EU’s Emissions Trading System, EU ETS is questioned, mainly due to a large surplus of pollution allowances. This depresses emission prices, to around 6 Euro per tonne carbon dioxide. As a measure to strengthen the system the EU Commission in January has proposed a market reserve, a kind of central bank for allowances into which 12 per cent of the surplus each year can be backloaded to be made available again when the surplus decreases. The proposal is now under discussion by the EU countries.
– We have previously suggested that it might be more efficient to scrap pollution allowances and in this way restore the system. But resistance to this seems to be too compact for it to be implemented. The Commission proposal for a market stability reserve is perhaps the easiest way to attain political consensus. But in that case the Commission's proposals must be designed to be as effective as possible, says Daniel Engström Stenson from the Fores think tank.
A new report from IVL Swedish Environmental Research Institute and Fores analyses the Commission's proposal. The authors conclude that the reform could ultimately contribute to a more stable market and a higher price, but that the risks involved are still many.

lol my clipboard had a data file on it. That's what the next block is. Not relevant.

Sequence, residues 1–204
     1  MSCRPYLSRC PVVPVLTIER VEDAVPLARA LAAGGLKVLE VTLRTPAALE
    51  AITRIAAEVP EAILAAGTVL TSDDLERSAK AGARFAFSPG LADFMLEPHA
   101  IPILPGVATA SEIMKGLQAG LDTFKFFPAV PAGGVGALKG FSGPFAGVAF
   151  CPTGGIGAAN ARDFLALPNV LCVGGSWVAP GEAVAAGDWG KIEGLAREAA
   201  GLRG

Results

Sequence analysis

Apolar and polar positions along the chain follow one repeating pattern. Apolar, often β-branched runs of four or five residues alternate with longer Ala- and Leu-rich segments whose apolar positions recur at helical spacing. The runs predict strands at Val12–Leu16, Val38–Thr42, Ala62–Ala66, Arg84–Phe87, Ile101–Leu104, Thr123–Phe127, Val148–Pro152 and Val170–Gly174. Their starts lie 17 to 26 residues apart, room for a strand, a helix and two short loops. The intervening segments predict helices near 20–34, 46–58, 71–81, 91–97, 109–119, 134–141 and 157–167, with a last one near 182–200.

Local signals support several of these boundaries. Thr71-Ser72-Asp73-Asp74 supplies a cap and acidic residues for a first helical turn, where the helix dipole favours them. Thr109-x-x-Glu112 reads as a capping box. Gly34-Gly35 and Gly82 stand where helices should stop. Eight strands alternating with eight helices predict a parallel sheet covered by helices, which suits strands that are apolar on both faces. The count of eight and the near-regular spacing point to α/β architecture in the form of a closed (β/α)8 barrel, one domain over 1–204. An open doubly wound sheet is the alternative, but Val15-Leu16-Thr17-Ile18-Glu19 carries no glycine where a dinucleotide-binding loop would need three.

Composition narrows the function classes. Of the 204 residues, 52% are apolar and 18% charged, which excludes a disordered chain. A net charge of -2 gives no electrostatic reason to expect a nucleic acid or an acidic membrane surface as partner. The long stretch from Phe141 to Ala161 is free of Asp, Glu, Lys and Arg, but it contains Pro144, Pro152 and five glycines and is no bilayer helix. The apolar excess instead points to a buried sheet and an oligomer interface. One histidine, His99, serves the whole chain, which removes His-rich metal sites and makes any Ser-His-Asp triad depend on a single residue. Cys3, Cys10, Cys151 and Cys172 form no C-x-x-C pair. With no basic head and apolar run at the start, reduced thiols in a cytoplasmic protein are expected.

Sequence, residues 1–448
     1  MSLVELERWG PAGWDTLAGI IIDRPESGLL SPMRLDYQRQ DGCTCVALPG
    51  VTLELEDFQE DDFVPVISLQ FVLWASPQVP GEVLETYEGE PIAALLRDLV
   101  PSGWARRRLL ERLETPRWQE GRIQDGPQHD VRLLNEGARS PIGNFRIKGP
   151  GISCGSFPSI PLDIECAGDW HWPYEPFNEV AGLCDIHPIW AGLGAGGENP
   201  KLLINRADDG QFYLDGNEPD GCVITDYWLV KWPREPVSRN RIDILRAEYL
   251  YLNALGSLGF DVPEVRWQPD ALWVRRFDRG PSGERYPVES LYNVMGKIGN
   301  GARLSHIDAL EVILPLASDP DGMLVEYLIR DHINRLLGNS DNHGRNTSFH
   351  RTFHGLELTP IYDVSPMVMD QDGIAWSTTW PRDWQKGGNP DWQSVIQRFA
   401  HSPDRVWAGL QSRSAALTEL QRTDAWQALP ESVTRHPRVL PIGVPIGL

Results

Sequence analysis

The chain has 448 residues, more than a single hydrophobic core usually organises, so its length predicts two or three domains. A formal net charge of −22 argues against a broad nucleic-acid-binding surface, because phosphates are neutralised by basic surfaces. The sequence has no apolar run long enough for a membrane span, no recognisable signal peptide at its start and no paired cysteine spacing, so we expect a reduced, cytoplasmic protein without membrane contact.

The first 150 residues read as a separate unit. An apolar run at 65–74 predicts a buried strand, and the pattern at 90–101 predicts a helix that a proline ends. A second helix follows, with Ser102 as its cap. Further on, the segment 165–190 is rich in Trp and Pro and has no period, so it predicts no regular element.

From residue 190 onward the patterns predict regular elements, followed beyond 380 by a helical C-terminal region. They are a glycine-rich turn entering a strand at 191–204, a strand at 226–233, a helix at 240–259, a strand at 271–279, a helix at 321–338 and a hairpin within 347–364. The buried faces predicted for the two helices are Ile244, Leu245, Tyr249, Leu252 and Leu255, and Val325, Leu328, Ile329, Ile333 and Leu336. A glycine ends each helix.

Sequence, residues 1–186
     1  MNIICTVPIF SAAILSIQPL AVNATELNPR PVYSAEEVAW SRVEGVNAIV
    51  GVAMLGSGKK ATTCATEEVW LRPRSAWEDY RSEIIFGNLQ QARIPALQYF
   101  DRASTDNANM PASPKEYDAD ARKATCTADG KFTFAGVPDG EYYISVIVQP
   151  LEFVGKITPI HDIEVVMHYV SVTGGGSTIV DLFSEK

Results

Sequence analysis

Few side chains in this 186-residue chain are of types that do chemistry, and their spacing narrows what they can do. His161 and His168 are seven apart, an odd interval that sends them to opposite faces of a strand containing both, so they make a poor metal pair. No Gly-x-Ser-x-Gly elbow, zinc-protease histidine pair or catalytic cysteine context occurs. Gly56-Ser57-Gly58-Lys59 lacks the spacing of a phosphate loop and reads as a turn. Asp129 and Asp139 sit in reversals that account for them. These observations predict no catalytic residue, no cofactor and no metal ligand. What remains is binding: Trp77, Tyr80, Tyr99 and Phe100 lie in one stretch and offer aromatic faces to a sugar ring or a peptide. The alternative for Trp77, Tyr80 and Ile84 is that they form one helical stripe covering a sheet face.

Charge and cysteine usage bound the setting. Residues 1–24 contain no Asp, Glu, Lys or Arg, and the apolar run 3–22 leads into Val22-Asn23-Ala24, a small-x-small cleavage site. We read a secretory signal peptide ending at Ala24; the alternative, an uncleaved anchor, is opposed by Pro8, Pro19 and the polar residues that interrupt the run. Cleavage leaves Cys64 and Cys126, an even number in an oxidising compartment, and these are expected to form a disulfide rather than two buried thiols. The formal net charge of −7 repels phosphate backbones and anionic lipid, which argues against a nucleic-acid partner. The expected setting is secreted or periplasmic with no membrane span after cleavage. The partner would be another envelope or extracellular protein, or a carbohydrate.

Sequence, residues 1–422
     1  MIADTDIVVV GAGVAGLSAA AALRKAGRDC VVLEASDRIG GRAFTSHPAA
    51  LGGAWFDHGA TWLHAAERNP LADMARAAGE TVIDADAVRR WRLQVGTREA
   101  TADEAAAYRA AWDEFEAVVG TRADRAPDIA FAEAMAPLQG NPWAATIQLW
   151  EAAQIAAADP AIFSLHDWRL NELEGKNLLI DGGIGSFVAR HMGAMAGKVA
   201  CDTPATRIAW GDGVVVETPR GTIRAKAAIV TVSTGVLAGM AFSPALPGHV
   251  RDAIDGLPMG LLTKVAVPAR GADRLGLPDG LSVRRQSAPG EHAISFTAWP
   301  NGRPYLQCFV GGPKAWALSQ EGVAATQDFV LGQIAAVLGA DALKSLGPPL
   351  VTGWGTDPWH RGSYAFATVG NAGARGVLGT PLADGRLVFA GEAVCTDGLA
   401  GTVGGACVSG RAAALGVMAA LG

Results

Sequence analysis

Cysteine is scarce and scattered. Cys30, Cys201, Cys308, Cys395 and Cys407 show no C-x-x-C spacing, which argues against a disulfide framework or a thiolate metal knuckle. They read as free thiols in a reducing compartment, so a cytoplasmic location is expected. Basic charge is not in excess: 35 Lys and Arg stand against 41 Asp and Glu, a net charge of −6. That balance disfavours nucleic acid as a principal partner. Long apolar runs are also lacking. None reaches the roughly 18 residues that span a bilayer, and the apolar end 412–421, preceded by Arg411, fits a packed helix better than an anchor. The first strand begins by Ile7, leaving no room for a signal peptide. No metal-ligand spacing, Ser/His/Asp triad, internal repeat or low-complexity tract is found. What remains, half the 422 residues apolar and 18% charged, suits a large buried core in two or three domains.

– The proposal is designed to reduce any risk of creating an outsized surplus. In addition the MSR will not be introduced until 2021, and it will probably be at least ten years before the current surplus reaches the 800 million allowances trigger threshold. In order to strengthen the system and avoid further damaging confidence the proposal should be implemented earlier, says Lars Zetterberg from IVL Swedish Environmental Research Institute.
In addition, the authors point out that the 900 million allowances temporarily removed from the system via so-called backloading should not be returned to the market in 2019 and 2020 as planned.
– If a further 900 million allowances are introduced into the market at this time, it will take even longer before the market stabilises, partly because we run the risk that the price will fall even more during these years. Therefore, all countries should agree that pollution allowances should be backloaded directly into the emissions reserve, making it possible for them to be portioned out over a lengthier period. In the long term this will lead to more cost-effective emission reductions, says Susanna Roth at IVL Swedish Environmental Research Institute.
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